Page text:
What standards matter and why

March 17, 2017


At the Researcher to Reader Conference ( R2R)  21-22 Feb 2017 we held a Workshop on ‘Which Standards Matter and Why.’ This is the second time I’ve attended the conference and two things stood out for me again – the mix of Publishers and Librarians and the enthusiasm and hard work of the delegates for the workshops. The former is very refreshing as it creates an environment for some of the contentious issues around OA publishing in particular to be discussed in less adversarial terms than happens perhaps online via blogs and mailing lists.

The workshop posed the question in relation to existing, emerging and missing standards : ‘How can research libraries, publishers and their intermediaries co-operate to solve some of the ‘pain points’ in rapidly evolving scholarly communications processes?’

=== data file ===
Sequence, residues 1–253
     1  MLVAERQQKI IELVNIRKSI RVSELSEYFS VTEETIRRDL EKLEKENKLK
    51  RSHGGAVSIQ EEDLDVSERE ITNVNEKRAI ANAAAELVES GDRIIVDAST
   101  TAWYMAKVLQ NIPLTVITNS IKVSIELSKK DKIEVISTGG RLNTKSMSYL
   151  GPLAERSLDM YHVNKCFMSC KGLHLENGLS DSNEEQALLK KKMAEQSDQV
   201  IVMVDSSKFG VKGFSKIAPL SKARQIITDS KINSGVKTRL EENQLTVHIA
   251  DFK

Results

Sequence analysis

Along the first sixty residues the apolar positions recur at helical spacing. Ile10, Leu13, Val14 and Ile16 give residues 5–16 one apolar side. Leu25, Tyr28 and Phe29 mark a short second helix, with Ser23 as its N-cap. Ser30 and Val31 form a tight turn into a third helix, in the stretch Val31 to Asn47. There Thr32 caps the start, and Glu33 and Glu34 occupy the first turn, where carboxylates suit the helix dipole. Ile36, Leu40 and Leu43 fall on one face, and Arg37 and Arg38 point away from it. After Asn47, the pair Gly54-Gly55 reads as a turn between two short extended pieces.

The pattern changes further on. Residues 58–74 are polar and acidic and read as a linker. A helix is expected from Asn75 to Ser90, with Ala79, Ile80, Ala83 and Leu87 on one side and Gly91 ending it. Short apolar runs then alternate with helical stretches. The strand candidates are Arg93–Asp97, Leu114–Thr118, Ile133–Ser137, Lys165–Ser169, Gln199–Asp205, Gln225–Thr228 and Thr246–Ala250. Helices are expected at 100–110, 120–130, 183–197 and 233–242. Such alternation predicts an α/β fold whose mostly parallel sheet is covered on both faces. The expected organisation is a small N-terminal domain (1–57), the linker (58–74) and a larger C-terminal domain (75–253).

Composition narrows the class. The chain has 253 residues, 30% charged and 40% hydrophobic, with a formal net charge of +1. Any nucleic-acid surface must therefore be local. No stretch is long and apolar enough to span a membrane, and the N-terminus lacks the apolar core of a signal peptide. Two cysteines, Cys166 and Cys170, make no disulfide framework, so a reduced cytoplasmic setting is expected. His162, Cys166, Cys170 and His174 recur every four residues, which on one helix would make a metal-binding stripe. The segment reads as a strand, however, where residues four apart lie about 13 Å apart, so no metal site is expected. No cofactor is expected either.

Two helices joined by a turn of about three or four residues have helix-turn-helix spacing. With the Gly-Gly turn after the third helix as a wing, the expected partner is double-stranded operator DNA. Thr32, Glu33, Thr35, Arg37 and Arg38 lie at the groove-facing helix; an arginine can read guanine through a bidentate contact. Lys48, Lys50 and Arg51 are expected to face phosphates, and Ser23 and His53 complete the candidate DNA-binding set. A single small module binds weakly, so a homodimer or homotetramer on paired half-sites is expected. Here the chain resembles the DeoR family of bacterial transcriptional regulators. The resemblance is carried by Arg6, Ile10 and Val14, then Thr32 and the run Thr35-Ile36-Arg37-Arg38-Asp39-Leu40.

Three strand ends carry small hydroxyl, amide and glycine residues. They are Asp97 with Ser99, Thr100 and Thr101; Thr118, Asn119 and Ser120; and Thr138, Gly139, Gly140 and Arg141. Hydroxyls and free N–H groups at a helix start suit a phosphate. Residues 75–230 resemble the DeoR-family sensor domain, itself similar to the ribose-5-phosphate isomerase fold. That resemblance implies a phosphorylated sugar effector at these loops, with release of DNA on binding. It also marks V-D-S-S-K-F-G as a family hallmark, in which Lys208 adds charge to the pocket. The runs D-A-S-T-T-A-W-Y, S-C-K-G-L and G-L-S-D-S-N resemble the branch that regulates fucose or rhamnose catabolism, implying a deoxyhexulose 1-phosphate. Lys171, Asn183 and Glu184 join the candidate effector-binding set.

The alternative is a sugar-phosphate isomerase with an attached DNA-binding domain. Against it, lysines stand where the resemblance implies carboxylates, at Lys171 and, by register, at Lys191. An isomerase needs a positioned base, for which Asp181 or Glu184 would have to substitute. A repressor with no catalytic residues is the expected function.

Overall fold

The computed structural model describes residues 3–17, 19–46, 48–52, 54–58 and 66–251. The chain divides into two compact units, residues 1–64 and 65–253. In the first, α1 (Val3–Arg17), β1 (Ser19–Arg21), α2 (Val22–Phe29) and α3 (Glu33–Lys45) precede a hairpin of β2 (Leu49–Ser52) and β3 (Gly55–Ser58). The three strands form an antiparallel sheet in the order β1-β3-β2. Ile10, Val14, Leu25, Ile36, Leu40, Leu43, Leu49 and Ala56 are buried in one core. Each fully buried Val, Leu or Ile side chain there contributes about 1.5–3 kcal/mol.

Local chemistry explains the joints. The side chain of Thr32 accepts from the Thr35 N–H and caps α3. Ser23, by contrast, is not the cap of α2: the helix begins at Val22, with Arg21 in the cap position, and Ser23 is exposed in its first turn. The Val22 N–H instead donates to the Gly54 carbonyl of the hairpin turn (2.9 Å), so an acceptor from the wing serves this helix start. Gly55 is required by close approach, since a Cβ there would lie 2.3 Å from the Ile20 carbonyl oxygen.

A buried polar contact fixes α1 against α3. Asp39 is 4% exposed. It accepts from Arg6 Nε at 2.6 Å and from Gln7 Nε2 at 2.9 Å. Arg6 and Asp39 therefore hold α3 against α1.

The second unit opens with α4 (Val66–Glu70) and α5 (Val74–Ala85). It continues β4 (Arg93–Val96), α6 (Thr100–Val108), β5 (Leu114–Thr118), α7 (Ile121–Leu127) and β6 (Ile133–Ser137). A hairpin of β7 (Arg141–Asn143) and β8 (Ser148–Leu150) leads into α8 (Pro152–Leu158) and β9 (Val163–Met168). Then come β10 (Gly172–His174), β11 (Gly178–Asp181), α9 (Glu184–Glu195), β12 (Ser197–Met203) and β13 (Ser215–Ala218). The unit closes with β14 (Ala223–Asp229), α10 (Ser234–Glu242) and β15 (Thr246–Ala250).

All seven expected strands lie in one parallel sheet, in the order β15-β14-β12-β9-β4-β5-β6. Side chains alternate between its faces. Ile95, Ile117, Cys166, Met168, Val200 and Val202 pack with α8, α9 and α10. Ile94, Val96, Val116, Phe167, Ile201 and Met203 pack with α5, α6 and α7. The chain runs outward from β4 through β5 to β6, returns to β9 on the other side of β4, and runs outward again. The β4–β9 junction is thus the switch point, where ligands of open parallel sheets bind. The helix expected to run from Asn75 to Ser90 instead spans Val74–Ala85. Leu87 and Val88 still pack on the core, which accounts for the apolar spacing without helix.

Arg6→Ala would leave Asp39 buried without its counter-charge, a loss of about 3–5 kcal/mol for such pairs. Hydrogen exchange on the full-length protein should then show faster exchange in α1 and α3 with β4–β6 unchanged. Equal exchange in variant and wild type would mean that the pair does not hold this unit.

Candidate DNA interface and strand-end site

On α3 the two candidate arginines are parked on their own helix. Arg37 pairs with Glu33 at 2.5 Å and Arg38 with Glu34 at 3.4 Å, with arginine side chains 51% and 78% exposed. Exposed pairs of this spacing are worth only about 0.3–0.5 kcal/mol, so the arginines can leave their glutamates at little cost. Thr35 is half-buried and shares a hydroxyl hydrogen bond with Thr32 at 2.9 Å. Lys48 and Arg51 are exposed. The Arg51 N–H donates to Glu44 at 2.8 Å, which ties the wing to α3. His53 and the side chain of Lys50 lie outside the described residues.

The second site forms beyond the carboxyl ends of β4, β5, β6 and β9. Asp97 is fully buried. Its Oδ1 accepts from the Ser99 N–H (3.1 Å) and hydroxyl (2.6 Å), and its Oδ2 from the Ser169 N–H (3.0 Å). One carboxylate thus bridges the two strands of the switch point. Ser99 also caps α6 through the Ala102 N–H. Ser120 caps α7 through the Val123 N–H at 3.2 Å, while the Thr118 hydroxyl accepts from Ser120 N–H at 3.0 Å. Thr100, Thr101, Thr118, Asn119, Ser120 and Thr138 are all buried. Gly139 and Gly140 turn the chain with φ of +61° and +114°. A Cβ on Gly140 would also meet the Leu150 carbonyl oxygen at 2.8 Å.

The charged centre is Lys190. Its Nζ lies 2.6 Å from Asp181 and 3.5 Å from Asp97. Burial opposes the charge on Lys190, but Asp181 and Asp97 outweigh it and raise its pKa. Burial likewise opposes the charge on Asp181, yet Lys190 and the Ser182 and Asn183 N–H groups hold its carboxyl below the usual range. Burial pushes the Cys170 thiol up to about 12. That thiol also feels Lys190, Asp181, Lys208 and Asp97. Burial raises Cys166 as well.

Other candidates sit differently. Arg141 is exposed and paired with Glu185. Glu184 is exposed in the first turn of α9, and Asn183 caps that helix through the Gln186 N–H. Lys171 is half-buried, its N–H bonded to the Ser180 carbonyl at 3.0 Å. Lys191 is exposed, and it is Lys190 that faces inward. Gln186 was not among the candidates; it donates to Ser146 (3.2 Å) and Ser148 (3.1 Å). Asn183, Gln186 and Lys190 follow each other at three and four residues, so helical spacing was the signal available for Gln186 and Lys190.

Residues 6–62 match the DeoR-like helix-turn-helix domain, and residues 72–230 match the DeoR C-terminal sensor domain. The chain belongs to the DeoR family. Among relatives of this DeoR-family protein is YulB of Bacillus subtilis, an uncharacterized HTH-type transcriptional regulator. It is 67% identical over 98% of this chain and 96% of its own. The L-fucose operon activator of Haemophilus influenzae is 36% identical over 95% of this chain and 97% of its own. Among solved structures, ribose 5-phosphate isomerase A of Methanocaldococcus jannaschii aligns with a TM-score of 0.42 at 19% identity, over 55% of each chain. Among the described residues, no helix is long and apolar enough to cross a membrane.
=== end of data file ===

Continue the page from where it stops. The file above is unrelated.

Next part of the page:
We had 29 attendees from publishing, libraries, technical/standards bodies, and others.


We held 3 meetings over the two days of the conference:

Meeting 1 : Setting Scene – Collecting information – a post-it exercise to identify, describe and gauge awareness in/usage of as many standards as we could.

We collected standards in categories including Identifiers, Definitions; Lists/Taxonomies; Data Models; Policies & Other.

What was clear from the group was that Identifiers were the most well known and there is high engagement with ORCID, DOI/Crossref and ISBN/ISNI but split engagement across the various Organisational Identifier initiatives i.e. ISNI, RINGGOLD & Digital Science’s GRID.  The  FundREF finding is also interesting as many people are thinking about using/planning to use it, but none yet are.

Meeting 2: Standards in publishing process; usage and gaps/pain points